A ROOM TO DIE FOR. (2017) DIRECTED BY DEVANAND SHANMUGAM. STARRING CHRISTOPHER CRAIG, LOREN PETA, MICHAEL LIEBER, ANTONIA DAVIS, VAS BLACKWOOD AND JON CAMPLING.
REVIEW BY SANDRA HARRIS. ©
I loved this one. A young couple moves into a rented room in an old couple’s house because they’re flat broke. Marcus is an unemployed stand-up comedian. Of course he’s bloody well unemployed. There’s only money in stand-up comedy if you’re Michael McIntyre or Peter Kay or someone like that.
He’s not even a good stand-up comedian, if ‘Glitter Pussy’ and ‘Danger Wank,’ his two big jokes, are anything to go by. Has he ever even heard of the word ‘punchline,’ never mind the actual concept? Somehow I doubt it. You must have a punchline, otherwise you’re just leaving your audience hanging, hanging and dissatisfied.
He’s a wimpy, spoiled immature little boy who stays in bed ogling porn while his beautiful and much more responsible girlfriend Jill goes out to do a tiresome job in a call centre, trying to flog life insurance to old people who don’t want it but do just want to hear a human voice every once in a while.
They’ve taken a room in Henry and Josephine Baker’s house because they’re stoney-broke, as I’ve said. It’s a lovely old house that looks like it should be called The Old Rectory because of its gothic church-like appearance.
The house on the DVD box is a different house, by the way, a more American-looking haunted house, just in case you’re looking at it and saying to yourself in disgust, this doesn’t look like a lovely British rectory, lol.
Henry and Josephine seem like a lovely old couple, even though moving in with them makes Marcus feel like he’s back home with his parents. And that’s not a good thing. You move out to get away from your parents, lol.
Henry in particular clearly doesn’t think that stand-up comedy is a real job. Jill is keeping Marcus, to all intents and purposes, and Henry thinks that Marcus is much less of a man because of it. He imposes petty rules on Marcus’s meagre attempts at housekeeping and nags at him to clean up his mess until Marcus feels like he wants to lamp Henry one, right in the kisser.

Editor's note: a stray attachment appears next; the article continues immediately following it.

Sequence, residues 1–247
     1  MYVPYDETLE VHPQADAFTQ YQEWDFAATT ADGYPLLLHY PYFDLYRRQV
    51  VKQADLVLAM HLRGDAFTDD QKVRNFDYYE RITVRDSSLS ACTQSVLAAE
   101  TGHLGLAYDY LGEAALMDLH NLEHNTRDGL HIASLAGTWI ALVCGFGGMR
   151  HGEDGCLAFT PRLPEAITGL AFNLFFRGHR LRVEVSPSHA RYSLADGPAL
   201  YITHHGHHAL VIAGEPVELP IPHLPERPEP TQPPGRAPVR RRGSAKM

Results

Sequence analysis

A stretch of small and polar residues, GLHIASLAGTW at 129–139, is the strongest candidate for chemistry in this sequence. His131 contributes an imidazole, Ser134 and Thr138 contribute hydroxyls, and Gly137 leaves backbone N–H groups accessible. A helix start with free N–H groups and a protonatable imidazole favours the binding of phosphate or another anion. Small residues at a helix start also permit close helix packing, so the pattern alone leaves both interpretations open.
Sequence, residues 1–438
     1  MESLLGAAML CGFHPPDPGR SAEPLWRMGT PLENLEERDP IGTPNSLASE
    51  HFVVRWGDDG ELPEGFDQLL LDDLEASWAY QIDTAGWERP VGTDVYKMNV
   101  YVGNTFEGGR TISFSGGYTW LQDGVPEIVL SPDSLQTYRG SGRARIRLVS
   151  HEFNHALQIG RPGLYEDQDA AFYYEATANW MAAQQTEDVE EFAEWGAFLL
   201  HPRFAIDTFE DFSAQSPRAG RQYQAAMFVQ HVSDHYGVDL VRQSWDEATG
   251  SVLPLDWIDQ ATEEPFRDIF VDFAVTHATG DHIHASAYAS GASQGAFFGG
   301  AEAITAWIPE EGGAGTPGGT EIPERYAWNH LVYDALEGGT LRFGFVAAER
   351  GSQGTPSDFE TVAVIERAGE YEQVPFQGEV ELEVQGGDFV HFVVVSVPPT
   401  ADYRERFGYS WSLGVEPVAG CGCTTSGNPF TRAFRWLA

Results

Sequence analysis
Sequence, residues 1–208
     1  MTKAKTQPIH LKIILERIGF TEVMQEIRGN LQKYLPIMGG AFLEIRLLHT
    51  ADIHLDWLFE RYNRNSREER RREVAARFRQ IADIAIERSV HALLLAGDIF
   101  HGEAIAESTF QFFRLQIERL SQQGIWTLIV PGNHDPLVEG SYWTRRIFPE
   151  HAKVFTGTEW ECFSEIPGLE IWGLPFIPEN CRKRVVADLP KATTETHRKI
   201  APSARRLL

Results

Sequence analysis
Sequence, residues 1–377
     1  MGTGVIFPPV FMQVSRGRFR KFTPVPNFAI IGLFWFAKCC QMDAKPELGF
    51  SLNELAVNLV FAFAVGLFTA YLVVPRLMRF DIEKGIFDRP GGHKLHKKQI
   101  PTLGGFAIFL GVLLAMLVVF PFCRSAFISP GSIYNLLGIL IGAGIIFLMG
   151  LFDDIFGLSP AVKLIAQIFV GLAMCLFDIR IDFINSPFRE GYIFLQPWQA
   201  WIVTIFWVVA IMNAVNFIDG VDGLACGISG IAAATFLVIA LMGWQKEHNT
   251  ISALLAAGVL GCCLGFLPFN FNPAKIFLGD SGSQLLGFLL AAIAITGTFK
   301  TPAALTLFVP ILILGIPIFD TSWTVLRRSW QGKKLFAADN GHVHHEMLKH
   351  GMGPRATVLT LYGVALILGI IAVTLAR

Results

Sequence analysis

There’s something strange about Henry and Josephine. They claim to have a newborn baby, for one thing, even though they’re easily in their sixties. Henry is, anyway. The actress playing Josephine is using a bad blue-grey rinse in her hair to make her appear older than she is. This mysterious baby is a baby whom Jill and Marcus never see, but its crying can be heard at odd hours throughout the day.
There’s even something odd about its crying as Marcus, who has absolutely nothing to do all day, discovers to his unease. The unseen baby cries for the exact amount of minutes each time. Twenty minutes each time, to be precise.
What does this suggest to you guys, because it suggests to me that this baby, for some reason, is no more than a recording. But why? Why go to all this trouble to pretend that there’s a baby in the house?
Jill and Marcus squabble constantly as the strain of living in Henry and Josephine’s admittedly lovely house begins to take its toll on the young couple. It’s not until they’re each tied to a chair in Henry and Josephine’s basement that they finally realise the real reason why the older couple were so keen to have them living in their house. Rock-a-bye baby, in the treetops…
I love Henry. He’s a brilliant character, a right old rascal. Jill’s superior arse of a brother Jason is a great character too. He doesn’t think that stand-up comedy is a proper job either and he makes Marcus feel about two inches tall when he boasts about his own inflated pay-packet. Jason brought Jill up himself after the deaths of their parents and I think he really thinks that she can do better than Marcus the big loser. I agree, lol.
I love when Josephine asks Henry if the nosey Jason is going to pose a problem for them when the young couple go missing, as they’re- Henry and Josephine- clearly operating outside the law, and Henry merely smiles and says: ‘I think you’d better put down some more plastic sheeting, dear.’ Henry is a boss, the best character here by miles.
There’s violence and even rape in the film but I could have done with a nice supernatural element to things as well. A nice bit of devil-worshipping and the presence of the Man Down Below, you know, the guy with the horns and forked tail?
That would have kicked ass, especially in view of the house’s lovely gothic appearance. This is still a great film though. I only came across it by accident but I’m very glad I did. We’d better all shush now. The baby’s trying to sleep…
AUTHOR BIOGRAPHY OF SANDRA HARRIS.
Sandra Harris is a Dublin-based novelist, film blogger, poet and book-and-movie reviewer. She has studied Creative Writing and Film-Making. She has published a number of e-books on the following topics: horror film reviews, multi-genre film reviews, womens’ fiction, erotic fiction, erotic horror fiction and erotic poetry. Several new books are currently in the pipeline. You can browse or buy any of Sandra’s books by following the link below straight to her Amazon Author Page:
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